While Japan is certainly not a third world country like that of Zambia, displayed in the documentary “The Travels of a T-Shirt in The Global Economy,” there are definitely traces and signs of globalization throughout Tokyo that have been present since the postwar period.
In the documentary, it’s shown that second hand clothes from America is the largest export into Africa, making bigger conglomerate companies billions of dollars, while leaving those who sell these clothes on the streets of Zambia not much income. It’s said that the commercial dealers make the real money, and that’s definitely a showcase of globalization in our modern world. The term “one mans trash is another mans treasure” comes to mind, in that things we as Americans think are old, or even culturally irrelevant are important for most people’s survival in third world countries. It’s interesting to see how the redistribution of material goods works in Africa through the eyes of someone directly in the middle of globalization (in the form of the main person highlighted in the film). It’s also interesting to note that while these people are selling these items, making money to support their family all the while clothing themselves, Americans often take this notion for granted. In America it’s easy to get proper shelter, food and water, but for those in Zambia, for example, it’s much harder. I noticed that most people interviewed in the United States during the film would be aware of the problems faced in globalization, but would often laugh it off or awkwardly chuckle to make up for their understanding of it. Someone asks a very important question, that of: “whose interest were they designed to serve?” I’m brought back to my history class I took sophomore year, when we thoroughly discussed the origins of African globalization. This took form after WWI, when at the Berlin Conference, European nations basically split up the continent of Africa into bits and pieces, inciting both slavery and colonialism. The people of Africa were forced into European culture from the government, and it seems like that trend continued into the modern day.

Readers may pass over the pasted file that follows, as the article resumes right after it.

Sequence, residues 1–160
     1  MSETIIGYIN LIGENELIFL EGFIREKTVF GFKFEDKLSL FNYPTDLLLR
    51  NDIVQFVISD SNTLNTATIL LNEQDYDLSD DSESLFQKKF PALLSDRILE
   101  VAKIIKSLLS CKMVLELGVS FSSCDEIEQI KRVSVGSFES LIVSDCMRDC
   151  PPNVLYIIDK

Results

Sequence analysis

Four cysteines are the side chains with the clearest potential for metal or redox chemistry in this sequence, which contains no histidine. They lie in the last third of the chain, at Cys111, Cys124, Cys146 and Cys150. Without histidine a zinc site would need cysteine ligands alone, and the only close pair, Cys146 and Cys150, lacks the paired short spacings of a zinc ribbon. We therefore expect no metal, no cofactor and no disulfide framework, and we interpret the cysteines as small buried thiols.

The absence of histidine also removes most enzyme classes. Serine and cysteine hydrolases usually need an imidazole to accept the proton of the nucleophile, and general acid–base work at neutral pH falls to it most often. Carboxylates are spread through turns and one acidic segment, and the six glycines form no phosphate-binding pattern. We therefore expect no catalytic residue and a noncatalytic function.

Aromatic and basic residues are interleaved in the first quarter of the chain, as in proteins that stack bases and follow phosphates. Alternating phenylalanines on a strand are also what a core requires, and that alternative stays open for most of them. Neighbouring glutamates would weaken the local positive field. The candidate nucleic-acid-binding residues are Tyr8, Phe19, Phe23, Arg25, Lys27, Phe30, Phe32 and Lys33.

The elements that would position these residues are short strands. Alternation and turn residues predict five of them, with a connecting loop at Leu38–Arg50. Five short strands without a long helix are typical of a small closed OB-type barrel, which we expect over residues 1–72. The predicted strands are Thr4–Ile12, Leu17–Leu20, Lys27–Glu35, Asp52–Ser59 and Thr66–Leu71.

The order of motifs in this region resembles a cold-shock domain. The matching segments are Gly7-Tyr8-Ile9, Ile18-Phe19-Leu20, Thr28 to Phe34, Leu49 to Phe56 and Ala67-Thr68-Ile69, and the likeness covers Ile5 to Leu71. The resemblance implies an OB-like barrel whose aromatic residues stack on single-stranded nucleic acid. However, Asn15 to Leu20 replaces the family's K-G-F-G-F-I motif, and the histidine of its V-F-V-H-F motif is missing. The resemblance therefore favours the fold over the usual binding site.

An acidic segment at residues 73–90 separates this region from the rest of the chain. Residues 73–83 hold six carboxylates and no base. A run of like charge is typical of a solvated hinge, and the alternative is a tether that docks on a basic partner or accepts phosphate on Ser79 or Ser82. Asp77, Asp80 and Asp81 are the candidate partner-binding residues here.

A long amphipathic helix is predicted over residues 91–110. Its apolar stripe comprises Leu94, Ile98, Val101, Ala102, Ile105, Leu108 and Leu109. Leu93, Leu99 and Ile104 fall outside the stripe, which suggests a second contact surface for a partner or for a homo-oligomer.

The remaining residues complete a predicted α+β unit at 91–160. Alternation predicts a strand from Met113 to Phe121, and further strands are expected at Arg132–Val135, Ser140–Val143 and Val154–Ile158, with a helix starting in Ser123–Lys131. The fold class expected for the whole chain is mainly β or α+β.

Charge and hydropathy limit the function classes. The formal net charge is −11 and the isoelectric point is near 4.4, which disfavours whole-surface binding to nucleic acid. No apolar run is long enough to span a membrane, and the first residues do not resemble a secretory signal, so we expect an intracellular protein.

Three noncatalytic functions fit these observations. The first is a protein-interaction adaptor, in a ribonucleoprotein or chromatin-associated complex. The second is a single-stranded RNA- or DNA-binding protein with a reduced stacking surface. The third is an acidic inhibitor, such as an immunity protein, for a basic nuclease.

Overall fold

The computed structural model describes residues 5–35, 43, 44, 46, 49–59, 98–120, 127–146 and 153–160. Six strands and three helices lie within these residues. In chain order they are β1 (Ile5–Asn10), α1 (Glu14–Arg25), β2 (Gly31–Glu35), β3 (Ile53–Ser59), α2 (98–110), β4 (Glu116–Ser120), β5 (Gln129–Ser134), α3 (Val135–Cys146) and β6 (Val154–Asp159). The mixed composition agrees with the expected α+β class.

It’s discussed in the film that US culture is exhibited in everything from books, to magazines, music, and clothing. Kevin Robins, in his piece “Encountering Globalization,” begins by stating that globalization is about growing mobility across the world. I think this is totally true, and even more so when you realize the relevance of American culture brought to most every facet of the globe. Japan is definitely subject to this, and it’s most notably seen during the postwar period during and after the US occupation. During that time, everything from American popular culture was influencing Japanese society. Disney is something we’ve talked about here in class that transcended media and drove straight into culture. The influence of Hollywood and American music also helped form early concepts of Japanese cinema and the popular music industry here. Conversely, it’s interesting to note how much of Japanese culture has come back to the US (I’m writing this listening to a “Best of Anime Soundtrack” playlist on YouTube). Despite this, there are countless things I’ve encountered here that are very “American.” For example, McDonalds and Coca-Cola are ever present. In fact, coca-cola is one of the only sodas you can find here besides Sprite and Fanta orange/grape. I liked how Robins mentioned cultural convergence toward the end of his piece. “What globalization in fact brings into existence is the new basis for thinking about the relation between cultural convergence and cultural indifference.” (Robins, 245). From what I’ve seen, Japan has converged with not only the diversity of itself, but with other countries. For a huge example that most people don’t know, ramen is from China. Our global community is a lot more interconnected than we initially realize, and I think the documentary and Robins’ reading exemplify that notion.